As I was testing and starting to see this feedback loop, I started thinking the only value to FF would be for the "Gee-Whiz" factor of watching your plane flying in the GCS and the joystick moving...but the output from the joystick would have to be turned off. So if the user actually wanted to control the plane, they'd have to switch from FF to joystick output (with no FF).... Otherwise you'd get either a sluggish stick or oscillation.

  • I've been a force feedback user since what feels like the begining of time, I feel the use of FF is been left out of applications as it can be quite confusing for developers.

    But that being said, I do feel the use of FF support in a GCS application, would be greatly received.

    At minimal, assisting with setting the Stick Center function; for example using the "centering spring emulation" on those FF joysticks; as most are unlocked (free floating) and dont keep a good center when not physicaly held. For example even if I try to manualy center the stick, it tends to add input to the GCS when let go. Another workaround, has been to set the dead zone larger to compensate for the lack of a center spring


    Here are two good uses that could effectivly affect the Stick Angle or Feedback responce:

    Fixed wing) Lock the stick to the control surfaces: if the AutoPilot changes a paticular angle, set the joystick position to be the same as the control movements, thereby showing the change visually on an unheld stick, or felt on a held stick; also allowing for user input nudging or fly-by-wire. (see below for loopback comments)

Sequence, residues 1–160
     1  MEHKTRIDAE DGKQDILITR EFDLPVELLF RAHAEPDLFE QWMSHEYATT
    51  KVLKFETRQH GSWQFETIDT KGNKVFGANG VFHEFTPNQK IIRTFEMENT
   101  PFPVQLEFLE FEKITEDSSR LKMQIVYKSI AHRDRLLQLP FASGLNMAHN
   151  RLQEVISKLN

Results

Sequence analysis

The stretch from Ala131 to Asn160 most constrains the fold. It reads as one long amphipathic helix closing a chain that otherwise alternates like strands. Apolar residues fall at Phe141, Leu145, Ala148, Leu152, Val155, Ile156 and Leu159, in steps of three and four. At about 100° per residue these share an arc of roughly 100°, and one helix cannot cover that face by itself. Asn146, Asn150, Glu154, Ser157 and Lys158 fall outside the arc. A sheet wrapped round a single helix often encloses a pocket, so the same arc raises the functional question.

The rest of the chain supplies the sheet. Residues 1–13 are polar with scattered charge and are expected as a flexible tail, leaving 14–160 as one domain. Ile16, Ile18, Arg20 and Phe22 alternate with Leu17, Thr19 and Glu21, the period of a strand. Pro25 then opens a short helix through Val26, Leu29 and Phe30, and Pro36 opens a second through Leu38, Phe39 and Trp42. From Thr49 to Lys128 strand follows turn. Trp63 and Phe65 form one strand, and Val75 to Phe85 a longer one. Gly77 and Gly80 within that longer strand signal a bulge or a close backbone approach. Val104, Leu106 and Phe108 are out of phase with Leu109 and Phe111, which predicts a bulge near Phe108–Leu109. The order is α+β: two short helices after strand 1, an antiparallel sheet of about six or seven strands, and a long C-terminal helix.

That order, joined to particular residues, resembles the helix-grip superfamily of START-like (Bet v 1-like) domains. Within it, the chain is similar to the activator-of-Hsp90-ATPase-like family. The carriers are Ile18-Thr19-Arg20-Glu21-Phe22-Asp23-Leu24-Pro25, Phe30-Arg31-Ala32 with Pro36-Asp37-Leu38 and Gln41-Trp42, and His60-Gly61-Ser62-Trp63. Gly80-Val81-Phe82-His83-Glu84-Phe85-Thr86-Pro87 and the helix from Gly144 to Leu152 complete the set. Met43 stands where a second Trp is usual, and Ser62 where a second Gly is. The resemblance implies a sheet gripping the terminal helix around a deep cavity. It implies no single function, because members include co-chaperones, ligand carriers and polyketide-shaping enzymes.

Quads) Lock the stick to the attitude: if the craft changes angle, whether AP unduced or externally as in the gust of wind senierio. Match the angle of the stick to the attitude of the airframe, this creates visual change and or pressure in the direction of the attitude change when user holds the stick; and can even add more pressure if the user compensates by moving opposite of the angle change.


    It is quite important though, the FF movement ouput must be removed from actual user inputs. Else a loopback can occour. This is the part that gets even the best application developers.

    The best example of this happening is; if anyone uses FSX and has FF turned on, you can watch (feel) this same type of loopback responce.

    Start with the stick left unattended, and FF settings are on, you can witness a loopback oscillation; where-as the position change of the stick postion (such as the gust of wind example), results in that movement being seen as user input; thereby exagerating the movement of the control surface in the SIM as it adds feedback ouput to user input. Complicating things is the centering spring emulation setting, which causes the stick to try and auto recenter. As it does, it creates opposite control surface user input. Creating an incresingly larger ossilation which can become anoying at least or bad at worst.


    But... in the real world, with either meathod I mentioned above; it can be a very good refrence to situational awareness for the "Man on the Ground"